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Standardised criteria for ECG interpretation in athletes: a practical tool
  1. Jonathan A Drezner
  1. Department of Family Medicine, University of Washington, Seattle, Washington, USA
  1. Correspondence to Professor Jonathan A Drezner, Department of Family Medicine, University of Washington, P.O. Box 354410, Seattle, WA 98195, USA; jdrezner{at}uw.edu

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Cardiovascular-related sudden death is the leading cause of mortality in athletes during sport.1 The majority of disorders associated with increased risk of sudden cardiac death (SCD), such as cardiomyopathies and primary electrical diseases, are suggested by abnormal findings present on an ECG. ECG interpretation in athletes requires careful analysis to properly distinguish physiological changes related to athlete's heart from findings suggestive of an underlying pathological cardiac condition. Whether used for the diagnostic evaluation of cardiovascular-related symptoms, a family history of inheritable cardiac disease or SCD, or for screening of asymptomatic athletes, ECG interpretation is an important skill for physicians involved in the cardiovascular care of athletes.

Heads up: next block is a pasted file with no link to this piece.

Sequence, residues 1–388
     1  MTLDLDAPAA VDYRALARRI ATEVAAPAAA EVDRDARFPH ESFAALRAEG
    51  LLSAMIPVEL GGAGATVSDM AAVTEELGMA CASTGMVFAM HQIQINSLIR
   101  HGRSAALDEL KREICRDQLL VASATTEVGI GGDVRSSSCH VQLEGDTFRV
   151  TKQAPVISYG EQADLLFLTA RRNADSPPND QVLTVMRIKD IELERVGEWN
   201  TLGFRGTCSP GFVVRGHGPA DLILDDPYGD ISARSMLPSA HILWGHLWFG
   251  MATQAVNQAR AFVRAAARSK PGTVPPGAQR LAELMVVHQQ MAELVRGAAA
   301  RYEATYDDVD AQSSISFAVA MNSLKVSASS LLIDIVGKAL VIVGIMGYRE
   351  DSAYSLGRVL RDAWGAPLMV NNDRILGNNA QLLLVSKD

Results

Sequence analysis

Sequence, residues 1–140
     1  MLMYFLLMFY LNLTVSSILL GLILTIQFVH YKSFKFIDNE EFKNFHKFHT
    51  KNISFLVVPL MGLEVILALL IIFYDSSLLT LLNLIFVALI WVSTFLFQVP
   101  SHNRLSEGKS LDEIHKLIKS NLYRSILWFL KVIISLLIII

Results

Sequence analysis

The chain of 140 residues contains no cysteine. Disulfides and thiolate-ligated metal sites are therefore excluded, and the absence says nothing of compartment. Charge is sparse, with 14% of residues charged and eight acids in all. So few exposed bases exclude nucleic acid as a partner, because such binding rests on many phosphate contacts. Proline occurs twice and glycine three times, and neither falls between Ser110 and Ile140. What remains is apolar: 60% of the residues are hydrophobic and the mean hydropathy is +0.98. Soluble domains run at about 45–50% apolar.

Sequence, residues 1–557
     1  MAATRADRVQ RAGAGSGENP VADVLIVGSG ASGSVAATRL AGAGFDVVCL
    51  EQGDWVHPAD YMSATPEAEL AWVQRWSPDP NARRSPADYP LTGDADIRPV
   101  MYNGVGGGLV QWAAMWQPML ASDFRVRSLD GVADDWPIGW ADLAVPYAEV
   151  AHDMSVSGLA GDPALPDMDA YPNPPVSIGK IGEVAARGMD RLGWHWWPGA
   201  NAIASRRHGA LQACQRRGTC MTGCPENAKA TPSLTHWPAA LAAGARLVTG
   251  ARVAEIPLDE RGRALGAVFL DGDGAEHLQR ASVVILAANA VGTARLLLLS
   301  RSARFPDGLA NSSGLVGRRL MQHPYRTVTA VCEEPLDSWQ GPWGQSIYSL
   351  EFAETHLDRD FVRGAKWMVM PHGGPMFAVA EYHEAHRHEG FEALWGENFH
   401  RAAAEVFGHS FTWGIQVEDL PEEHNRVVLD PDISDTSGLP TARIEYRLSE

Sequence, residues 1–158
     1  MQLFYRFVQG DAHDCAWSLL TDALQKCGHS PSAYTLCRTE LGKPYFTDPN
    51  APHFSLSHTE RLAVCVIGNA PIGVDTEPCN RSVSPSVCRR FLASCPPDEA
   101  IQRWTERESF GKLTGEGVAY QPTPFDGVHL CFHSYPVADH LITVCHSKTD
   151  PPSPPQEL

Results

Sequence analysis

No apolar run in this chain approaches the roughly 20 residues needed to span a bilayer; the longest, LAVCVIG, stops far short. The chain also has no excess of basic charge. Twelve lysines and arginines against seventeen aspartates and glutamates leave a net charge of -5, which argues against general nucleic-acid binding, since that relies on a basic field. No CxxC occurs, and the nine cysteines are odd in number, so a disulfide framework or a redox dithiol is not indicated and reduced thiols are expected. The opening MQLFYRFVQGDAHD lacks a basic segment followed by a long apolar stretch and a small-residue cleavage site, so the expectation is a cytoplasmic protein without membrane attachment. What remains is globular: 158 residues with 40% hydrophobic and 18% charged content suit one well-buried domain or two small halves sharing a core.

The purpose of this short report is to guide the clinician on the use of a two-page ECG criteria tool (Appendix, pages i7–i8 ). The science underpinning this instrument has been reported2 and demonstrates that providing standardised criteria to assist ECG interpretation in athletes significantly improves accuracy to distinguish normal from abnormal findings across physician specialties, even in physicians with little or no experience. The first page of the criteria tool consists of two tables. Table 1 lists each individual ECG criterion that should be considered abnormal, unrelated to athletic …

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